After the law enforcement introduced himself and asked for my driver’s licence, he stated that the registration sticker on the license plate had just expired. After some conversation and giving him the information that I did not own the vehicle, he issued me a citation with a summons to appear in court — but no fine was stated at the time.

I, of course, was not happy about what transpired. I eventually found out via the Internet that the fine was $177.00. Fortunately, I was able to attend court on the day that I was scheduled to appear. I watched some of the other cases being addressed: people had not stopped at a stop sign, drove in excess of the posted speed limit, drove without a license, and were caught driving with expired license plates.

When my turn to stand before the judge came, the clerk of the court recommended to the judge that my citation be reduced to merely a warning, as I had proof that the vehicle that I drove had since renewed the registration of the license plate. The only strange part that I was not expecting was the judge apologizing to me for the time that I had to wait before having this case resolved. He then asked if I agreed with the reduction of my citation being reduced to a mere warning — with a look on his face that almost resembled a wink — and I agreed.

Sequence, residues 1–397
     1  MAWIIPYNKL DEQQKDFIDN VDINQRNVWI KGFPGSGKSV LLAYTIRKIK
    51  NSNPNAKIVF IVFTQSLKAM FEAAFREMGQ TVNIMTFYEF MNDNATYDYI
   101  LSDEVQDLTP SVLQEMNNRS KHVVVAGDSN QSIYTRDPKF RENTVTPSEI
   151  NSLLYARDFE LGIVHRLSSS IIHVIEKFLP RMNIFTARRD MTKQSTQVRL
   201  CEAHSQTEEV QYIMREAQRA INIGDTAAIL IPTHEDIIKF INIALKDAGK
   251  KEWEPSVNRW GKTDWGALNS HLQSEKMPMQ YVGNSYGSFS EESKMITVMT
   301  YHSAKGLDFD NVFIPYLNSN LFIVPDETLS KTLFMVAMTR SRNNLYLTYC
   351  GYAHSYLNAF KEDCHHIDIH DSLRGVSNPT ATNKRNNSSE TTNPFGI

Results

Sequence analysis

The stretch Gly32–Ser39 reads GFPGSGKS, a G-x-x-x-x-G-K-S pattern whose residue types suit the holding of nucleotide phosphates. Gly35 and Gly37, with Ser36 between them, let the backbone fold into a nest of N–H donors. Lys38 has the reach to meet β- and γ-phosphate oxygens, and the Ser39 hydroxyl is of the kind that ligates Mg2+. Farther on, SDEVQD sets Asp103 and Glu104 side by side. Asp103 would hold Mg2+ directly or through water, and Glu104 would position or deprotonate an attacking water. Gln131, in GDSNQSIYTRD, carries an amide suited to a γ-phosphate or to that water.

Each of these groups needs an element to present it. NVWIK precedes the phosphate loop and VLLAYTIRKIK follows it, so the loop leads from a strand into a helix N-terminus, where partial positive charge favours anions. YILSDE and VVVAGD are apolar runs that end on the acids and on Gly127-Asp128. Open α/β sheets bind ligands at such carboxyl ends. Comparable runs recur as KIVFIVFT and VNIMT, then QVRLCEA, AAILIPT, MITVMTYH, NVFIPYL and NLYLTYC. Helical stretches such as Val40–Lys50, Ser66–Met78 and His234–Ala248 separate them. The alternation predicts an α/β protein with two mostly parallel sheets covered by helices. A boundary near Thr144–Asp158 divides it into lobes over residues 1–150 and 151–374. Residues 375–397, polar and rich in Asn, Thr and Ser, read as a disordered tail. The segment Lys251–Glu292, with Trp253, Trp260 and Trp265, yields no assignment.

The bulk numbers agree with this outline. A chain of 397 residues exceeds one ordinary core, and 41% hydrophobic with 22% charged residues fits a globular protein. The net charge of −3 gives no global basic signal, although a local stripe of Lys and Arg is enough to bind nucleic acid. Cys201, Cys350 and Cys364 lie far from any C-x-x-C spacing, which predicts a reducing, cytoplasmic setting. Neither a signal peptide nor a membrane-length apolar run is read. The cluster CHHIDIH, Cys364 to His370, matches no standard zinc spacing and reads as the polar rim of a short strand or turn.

I was then free to go. The charge against me was officially dropped; and the case was dismissed. I thanked the judge and his assistant before leaving the courthouse.

Final Boarding Call

Police highway patrol
Photograph ©2023 by Brian Cohen.

Note that in most states in the United States, driving a vehicle with expired license plates is typically considered a non-moving violation.

Although this experience cost me nothing — other than some time and a gallon or so of gasoline — I am not sure why the law enforcement officer issued me a citation with a summons to appear in court instead of an official warning: “Ensure that the registration is renewed and submit proof of renewal electronically within 15 days and the charge will be dismissed.”

I probably could have had a representative of the rental car company go to court on my behalf and attempt to get the charge off of my record — but how can I trust them with that when they failed the simple task of keeping the registration of the license plate of the vehicle up to date?

I also learned that even though I did not own the motor vehicle that I was driving, I was still responsible for ensuring that I was driving a vehicle whose registration of its license plate did not expire…

…so please learn from my experience and do yourself a favor: as part of the inspection of the rental vehicle before leaving so that you minimize your chances of being scammed by the rental car company, ensure that you take a few extra seconds to check that the registration of its license plates is valid. It will save you time in the long run — and possibly some money as well.

All photographs ©2007, ©2021, and ©2023 by Brian Cohen.